'Sir….'

'Yes David, what is it?'

'I think Tim's a bit upset…….when you read to us last night? I think he'd been crying. Do you think you could talk to him please?'

I don't want to bore you with this one because you know what's coming, but cutting a fairly short story shorter, Tim unbeknownst to us was being bullied. All children know about it, and some have suffered from it. Put it this way…..it got sorted pronto. I mention it because reading to them last night revealed the problem that might have continued for who knows how long otherwise.

I happen to like Tim…..he's thoughtful and sensitive, and I check on him regularly now. He's ok. Even David, his best friend, didn't know about the bullying. My relationship with both of them has changed because of that incident. Things are different now.

One of innovations that A has brought in is informal group discussion that takes place out of school time, and thus mainly concerns the residents. Each week A suggests the theme for discussion based on our suggestions. The discussion might start on a particular subject, but wouldn't be confined to it, so who knows where you might end up. No notes were taken and it is all strictly confidential. Nothing that any boy says is going to get reported back to parents or anyone else for that matter. The resident staff had to volunteer to lead the discussion….no one was being forced into something they didn't want to do, or might find embarrassing. Boys that age can, as I found out later, could come up with all sorts of things that were extremely personal, and you had to be able to deal with any kind of issue.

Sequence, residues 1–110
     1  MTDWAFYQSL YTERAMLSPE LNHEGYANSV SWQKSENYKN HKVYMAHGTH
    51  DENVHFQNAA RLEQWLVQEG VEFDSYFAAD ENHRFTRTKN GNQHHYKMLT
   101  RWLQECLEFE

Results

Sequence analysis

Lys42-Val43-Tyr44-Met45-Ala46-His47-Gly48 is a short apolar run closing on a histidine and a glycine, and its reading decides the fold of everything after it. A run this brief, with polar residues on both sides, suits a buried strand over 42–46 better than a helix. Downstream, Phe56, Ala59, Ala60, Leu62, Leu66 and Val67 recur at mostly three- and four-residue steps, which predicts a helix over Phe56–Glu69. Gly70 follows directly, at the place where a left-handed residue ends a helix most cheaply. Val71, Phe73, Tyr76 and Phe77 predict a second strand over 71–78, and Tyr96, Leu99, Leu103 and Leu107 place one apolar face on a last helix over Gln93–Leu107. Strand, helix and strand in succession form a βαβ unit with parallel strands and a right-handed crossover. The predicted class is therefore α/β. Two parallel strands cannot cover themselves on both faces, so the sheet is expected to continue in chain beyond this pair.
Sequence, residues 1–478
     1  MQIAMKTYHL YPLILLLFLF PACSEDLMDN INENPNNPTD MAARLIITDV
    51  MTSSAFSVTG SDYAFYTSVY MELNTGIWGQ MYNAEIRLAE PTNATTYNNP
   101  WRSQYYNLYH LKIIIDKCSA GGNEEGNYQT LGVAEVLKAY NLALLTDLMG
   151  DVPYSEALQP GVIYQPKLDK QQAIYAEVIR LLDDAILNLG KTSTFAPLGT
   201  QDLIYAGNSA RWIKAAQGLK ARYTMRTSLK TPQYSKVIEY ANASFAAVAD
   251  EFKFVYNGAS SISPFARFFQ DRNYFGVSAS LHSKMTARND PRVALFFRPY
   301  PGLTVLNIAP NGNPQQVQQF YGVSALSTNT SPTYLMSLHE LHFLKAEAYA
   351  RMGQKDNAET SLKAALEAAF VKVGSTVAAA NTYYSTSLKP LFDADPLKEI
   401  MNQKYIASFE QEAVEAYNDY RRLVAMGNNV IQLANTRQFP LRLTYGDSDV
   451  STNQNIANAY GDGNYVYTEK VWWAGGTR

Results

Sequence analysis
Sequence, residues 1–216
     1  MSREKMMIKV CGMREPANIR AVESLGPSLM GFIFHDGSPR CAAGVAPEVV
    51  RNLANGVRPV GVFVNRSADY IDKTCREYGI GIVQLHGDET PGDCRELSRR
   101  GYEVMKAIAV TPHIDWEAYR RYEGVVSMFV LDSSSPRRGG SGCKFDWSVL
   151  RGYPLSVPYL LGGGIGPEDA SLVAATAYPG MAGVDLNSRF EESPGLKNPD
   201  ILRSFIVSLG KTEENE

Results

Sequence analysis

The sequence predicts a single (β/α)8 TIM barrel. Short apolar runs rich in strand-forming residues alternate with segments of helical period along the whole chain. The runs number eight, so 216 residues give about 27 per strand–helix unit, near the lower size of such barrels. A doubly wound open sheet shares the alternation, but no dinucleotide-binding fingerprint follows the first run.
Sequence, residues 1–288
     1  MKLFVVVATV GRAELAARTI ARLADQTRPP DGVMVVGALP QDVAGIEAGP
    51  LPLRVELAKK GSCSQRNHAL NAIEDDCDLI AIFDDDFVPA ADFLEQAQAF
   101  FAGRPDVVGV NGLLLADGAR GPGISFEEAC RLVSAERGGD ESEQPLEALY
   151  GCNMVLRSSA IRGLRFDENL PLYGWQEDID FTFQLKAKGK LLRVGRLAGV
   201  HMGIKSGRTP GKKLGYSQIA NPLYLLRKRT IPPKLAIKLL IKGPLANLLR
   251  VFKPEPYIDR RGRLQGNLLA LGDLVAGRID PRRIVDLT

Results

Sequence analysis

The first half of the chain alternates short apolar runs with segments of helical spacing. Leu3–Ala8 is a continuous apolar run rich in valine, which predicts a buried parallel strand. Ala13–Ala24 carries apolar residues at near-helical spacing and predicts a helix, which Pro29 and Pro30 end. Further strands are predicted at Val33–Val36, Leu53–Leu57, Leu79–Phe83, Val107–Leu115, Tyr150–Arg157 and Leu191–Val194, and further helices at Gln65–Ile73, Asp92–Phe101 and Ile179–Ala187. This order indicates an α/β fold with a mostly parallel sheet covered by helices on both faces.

It was all to do with self-awareness and their growth as personalities and I thought a very interesting idea. All the boys had to participate, and were put in small groups. These were carefully chosen by consensus, so no one had to have certain individuals, and by the same token we had an element of choice. I was one of the first to pick as it were, and I had both Tim and David in my group, plus three others. David is in the top class and Tim is in the year below, which makes them thirteen and twelve respectively. The other three are younger, one being just ten years old. If the discussion threw up anything unsuitable for the younger brethren, then it could dealt with in on a separate occasion if necessary.

The first theme, with Tim's problem in mind, was about how we treat each other, which is a fairly standard and frankly a rather corny subject. There weren't many rules, but one was that the sessions had to be at least half an hour long come what may, even if we sat there in silence, rather like a Quaker meeting. We were also free to arrange a place where we would meet and the boys were very keen to use The Hut which was the name given rather appropriately to my residence. Of course we might choose another venue if, say, the weather was warm and then we could go outside somewhere. A would be peripatetic and visit a group unannounced which was a sensible precaution as well as keeping him in the loop generally. It was about halfway through the Spring term I think when David said something that was different, and I thought at the time that he was asking for help.